Particle Mace PC Review
If there were such a thing as ridiculous as a Holy Bible of Gaming, somewhere back in Genesis would be the story of the tribes of arcade game machines slowly taking over the cities of America and Western Europe. Huge, hulking, and lumbering, they force their way into youth culture across nations, beginning an era of widespread gaming that would soon bloom into a worldwide phenomenon.
There are a few images that probably pop into mind when recalling the arcade era. Likely, you think of Pac Man, the little yellow circle gobbling up white circles and running away from multi-colored ghost-like blobs. You may also think of massive hordes of pixelated space invaders hurtling towards your base, bearing down on you as you frantically try to gun them down.
It’s probably fair to say, though, that when most people think of the archetypal arcade game, they probably envision something to do with spaceships blowing stuffing up. Enter Particle Mace by Andy Wallace. A game that wears its influences on its sleeve, lovingly embraces the games of the ancient 1980’s, and ultimately ends up being a pure delight.
The danger with making a game that feels this traditional, is that people will just ignore it, write it off as an unoriginal and move on to the next thing. Particle Mace deftly avoids this trap by tweaking things enough to create a brand new experience. In an interesting twist (and true to its title), this space shooter game has no guns. No, instead of a shooting asteroids and enemy ships with cannons or blasters, we get to bludgeon them to death with a mace of giant energy particles.
The game shines mainly because the physics are crisp and excellently programmed. The challenge of the game is unique among arcade games. Instead of the hackneyed aim-shoot-and-run model of games like it, in Particle Mace you have to learn how to control your weapon proficiently enough so that it gains momentum and swings into anything in your path. Essentially, your spaceship is dragging a series of balls on strings and you have to be able to maneuver your aircraft in such a way to control the swing of the balls so that they slam into enemies and destroy them.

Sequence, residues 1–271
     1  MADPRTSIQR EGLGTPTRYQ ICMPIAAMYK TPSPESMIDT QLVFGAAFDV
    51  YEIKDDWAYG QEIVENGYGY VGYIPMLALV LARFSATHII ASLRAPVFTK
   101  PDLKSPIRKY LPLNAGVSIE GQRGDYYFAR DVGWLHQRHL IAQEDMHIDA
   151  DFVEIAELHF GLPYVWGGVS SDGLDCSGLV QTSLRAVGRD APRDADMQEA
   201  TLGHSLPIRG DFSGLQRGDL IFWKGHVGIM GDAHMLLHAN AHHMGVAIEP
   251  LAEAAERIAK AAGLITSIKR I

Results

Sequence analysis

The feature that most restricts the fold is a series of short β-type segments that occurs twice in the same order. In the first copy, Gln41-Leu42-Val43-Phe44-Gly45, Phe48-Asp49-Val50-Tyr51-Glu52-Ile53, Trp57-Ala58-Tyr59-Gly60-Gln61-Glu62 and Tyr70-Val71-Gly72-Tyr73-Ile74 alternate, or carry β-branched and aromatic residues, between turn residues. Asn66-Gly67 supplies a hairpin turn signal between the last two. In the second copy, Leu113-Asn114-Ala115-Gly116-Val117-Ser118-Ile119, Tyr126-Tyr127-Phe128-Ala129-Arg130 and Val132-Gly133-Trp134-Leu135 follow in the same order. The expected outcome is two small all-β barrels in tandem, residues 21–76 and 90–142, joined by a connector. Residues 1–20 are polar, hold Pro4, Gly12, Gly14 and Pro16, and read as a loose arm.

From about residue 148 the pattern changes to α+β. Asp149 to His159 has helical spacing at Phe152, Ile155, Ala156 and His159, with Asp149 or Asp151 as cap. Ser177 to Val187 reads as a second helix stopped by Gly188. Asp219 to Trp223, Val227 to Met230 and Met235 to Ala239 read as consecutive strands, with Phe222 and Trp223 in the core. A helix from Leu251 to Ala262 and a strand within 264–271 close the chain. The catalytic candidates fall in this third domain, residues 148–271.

Your ship is confined to field of space inside a fenced in octagon, and your ship has no shields and no means of protection other than the mace. Asteroids of all sizes hurtle towards you and enemy ships try to chase you down. Black holes will open up, distort gravity, and try to suck you up. The motion of your mace is altered and suddenly you have to account for the distortions when on the attack.
There are a number of different modes offered. You can play old-school style and just aim for the highest score or you can play mission mode which presents 150 challenges for you to achieve. Mission objectives can vary, but generally require you to destroy certain targets or achieve goals in certain time frames. There is also an interesting series of missions that requires you to refrain from killing any enemies for a specified time frame. This ends up being harder than it sounds considering the furious pace of the game and the often erratic motion of the particles on your mace. Finally, there are also co-op modes which make for some of the most fun of the game.
The graphics and sounds are straight out of 1985. The soundtrack is fun and tastefully hearkens back to an 8-bit era of various beep and boops. Graphically, we are back in the golden age of arcade games. Everything has been lovingly designed so that the graphical limitations become a strength. Undoubtedly there is a level of nostalgia here that will touch on the nerves of players of a certain age. Maybe gamers that came of age in an era of stunning graphics and realism will not have the time nor interest to seek out a game like this which must seem prehistoric to them. I sure hope that this isn’t the case.
With any game from any era, the ultimate question always has to be: is it fun? Well, Particle Mace is fun as hell. The gameplay is easily learned but devilishly difficult to master. Progress is made in fits and starts, and there’s a particularly great and addictive feeling that you get when you start getting on a role. Suddenly, you learn how to finally get some good blows out of the mace. Enemy ships fall and start to multiply your score by ten. Asteroids are crushed and the mace is now spinning so furiously it’s like a ballerina of death just blasting everything to pieces. And then, all of a sudden, there’s a small splinter of an asteroid you swore you destroyed come spinning out of nowhere and just like that, it’s over.
But the fun is just beginning because in true arcade style, you have to try just one more time. A game as stylish and fun as this is definitely for keeps. There’s something very zen in trying to master the perfect mace swing.